On May 12, 1943, I was Captain of an anti-submarine Naval Auxiliary Patrol vessel, commissioned HMAS 539 (Topsy A), a heavy, converted fishing trawler driven by three engines. We were en route eventually, we hoped, for New Guinea, refuelling via Australian east coast ports.
In Coffs Harbour I received a message, telephoned I believe from Naval Base HQ, Sydney, to the Harbour Master, Captain Brady, that an Australian convoy of ships was under submarine attack in adjacent waters. An order was transmitted to me through Captain Brady to assist our ships, however possible.
I proceeded to sea in a sweep, at one stage 16 miles off the coast, until I found the passenger-freighter S.S. Ormiston moving towards the coast very slowly (1-2 kts) under her own power. She had a large hole in her port bow and, I learned, a considerable portion of her forekeel was blown away where a torpedo had struck her.
I ordered two depth charges to be readied for setting and dropping to attack any submarine we might detect. I told my crew that if a submarine surfaced we must be prepared to ram it. Since our vessel’s stem, foredeck and shoulders were reinforced with a metal framework I felt we had good impact power, although I had no knowledge of the strength of a submarine’s hull. We also loaded our machine guns, ready for action. We were very naive.
Although I have been told that one other naval vessel was probably in the vicinity it was at no time evident to me or to any of my crew. No one in Ormiston seemed to be aware of it at that time.
I went alongside Ormiston and was asked to come aboard by her master, Capt. Raven. I boarded Ormiston from a companionway hanging over her port side.
Some of Ormiston’s crew were slightly injured. Some told me they were fearful the submarine that had attacked them would finish them off at any moment and maybe would surface nearby when night fell. Captain Raven also believed the submarine would attack again. “We are a sitting duck,” he told me. “Keep those depth charges on your stern ready,” he said.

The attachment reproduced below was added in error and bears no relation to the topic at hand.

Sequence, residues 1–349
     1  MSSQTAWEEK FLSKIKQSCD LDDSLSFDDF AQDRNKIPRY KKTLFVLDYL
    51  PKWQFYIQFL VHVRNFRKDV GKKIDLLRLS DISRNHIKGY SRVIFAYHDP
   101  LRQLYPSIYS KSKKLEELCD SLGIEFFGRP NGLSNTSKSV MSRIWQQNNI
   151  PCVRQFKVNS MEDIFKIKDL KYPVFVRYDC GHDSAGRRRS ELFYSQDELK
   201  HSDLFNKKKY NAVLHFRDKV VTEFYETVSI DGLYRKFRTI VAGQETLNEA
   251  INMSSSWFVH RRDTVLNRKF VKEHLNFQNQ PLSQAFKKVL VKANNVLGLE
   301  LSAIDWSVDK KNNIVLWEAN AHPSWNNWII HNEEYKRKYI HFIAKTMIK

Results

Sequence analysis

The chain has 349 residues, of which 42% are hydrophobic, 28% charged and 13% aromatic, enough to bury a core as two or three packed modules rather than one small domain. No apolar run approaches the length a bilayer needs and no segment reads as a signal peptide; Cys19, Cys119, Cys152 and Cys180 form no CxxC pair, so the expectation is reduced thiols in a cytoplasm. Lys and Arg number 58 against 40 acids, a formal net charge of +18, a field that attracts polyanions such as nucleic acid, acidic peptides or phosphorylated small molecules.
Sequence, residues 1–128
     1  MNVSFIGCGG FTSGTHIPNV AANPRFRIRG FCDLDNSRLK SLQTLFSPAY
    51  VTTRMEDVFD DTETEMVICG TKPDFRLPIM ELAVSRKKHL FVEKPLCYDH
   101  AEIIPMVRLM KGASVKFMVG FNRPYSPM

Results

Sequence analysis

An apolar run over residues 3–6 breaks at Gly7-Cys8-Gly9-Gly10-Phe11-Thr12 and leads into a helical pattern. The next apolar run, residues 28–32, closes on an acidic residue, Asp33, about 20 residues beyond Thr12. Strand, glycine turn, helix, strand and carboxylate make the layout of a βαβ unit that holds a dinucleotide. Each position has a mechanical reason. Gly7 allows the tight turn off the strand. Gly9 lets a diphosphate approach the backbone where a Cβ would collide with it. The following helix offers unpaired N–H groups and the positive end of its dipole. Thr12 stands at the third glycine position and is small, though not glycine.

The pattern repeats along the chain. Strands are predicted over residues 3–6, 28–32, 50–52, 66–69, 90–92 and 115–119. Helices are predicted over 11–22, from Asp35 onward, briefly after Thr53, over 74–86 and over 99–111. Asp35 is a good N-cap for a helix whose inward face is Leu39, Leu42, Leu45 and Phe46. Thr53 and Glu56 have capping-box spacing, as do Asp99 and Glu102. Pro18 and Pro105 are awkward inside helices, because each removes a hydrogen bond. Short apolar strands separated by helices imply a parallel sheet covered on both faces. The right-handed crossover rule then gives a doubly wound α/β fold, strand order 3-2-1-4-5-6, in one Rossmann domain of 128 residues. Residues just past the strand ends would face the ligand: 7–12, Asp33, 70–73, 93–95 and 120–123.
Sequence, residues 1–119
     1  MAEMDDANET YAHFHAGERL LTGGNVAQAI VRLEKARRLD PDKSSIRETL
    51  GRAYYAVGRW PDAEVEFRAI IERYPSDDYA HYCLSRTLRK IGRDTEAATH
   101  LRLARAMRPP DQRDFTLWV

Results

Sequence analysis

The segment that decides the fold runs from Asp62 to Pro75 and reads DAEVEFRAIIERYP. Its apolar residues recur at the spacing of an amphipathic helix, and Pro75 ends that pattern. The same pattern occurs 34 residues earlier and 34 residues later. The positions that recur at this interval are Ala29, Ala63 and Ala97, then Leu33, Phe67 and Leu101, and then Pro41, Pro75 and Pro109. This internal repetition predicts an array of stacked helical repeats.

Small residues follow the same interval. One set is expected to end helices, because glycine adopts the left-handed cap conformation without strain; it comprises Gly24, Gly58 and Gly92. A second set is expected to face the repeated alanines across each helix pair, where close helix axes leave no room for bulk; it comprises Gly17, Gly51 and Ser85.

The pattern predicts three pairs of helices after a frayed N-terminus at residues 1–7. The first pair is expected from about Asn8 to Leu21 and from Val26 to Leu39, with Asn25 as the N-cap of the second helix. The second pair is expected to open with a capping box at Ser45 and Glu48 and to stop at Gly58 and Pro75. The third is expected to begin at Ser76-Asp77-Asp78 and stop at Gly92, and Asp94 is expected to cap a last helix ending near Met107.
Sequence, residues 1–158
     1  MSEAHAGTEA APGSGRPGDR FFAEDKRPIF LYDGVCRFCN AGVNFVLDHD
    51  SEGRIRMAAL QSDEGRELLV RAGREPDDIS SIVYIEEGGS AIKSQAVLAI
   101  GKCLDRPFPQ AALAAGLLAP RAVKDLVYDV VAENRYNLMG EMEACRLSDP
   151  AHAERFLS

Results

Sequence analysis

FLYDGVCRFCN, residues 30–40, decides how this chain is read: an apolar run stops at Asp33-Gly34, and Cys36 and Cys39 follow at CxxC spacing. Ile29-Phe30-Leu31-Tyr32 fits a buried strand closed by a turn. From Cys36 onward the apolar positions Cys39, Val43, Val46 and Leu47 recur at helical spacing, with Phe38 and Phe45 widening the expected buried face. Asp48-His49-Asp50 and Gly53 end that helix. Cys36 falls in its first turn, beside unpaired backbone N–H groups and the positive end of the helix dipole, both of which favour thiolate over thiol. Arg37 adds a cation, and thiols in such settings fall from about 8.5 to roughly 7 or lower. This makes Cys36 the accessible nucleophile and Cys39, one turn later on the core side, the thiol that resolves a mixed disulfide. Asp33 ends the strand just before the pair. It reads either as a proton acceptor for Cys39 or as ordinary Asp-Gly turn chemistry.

Ormiston’s master’s cabin was badly damaged by the explosion of the torpedo. Pieces of his shattered cast iron bathtub were scattered about as were pieces of a large glass-fronted cabinet.
On deck the jib of the crane on the foremast had sprung its housing and lay over the foredeck; a 400mm wooden splinter from the jib had hit a man 10m away on the forehead and badly bruised his eye; the fore hatches had been blown off; the sea was washing through No. 1 hold; the steel bulkhead of No. 2 hold was flexing.
A chain of crewmen was carrying bags of tallow and sugar and other material from other holds and passing it down into No. 2 hold into which a gang of men had clambered down ladders. These men were piling the bags against the No. 2 bulkhead to support it. They continued this work until No. 2 hold was filled to within 3m of the hatchways.
Capt. Raven told me he had enough power and manoeuvrability to steam close to the coast. To make it difficult for the submarine to get a clear shot at him he had decided to get as close as possible under the shelter of South Solitary Island and anchor there, which he did. He also asked me to patrol on the southern side of the island, possibly to discourage the submarine. We were still the only naval vessel on the scene of which I was aware.
We remained on patrol throughout the night and stood by while four small fishing launches, sent from Coffs Harbour by Captain Brady, came alongside Ormiston and took off her passengers, about seven, including women and, I believe, some crewmen.
The ship’s lifeboats remained swung out on their davits ready for launching. I was told the lifeboats had earlier been launched and almost all Ormiston’s personnel had left the ship when it was feared she was about to founder. The lifeboats, I was told, were then recalled under Captain Raven’s orders and the attempt began to save the vessel.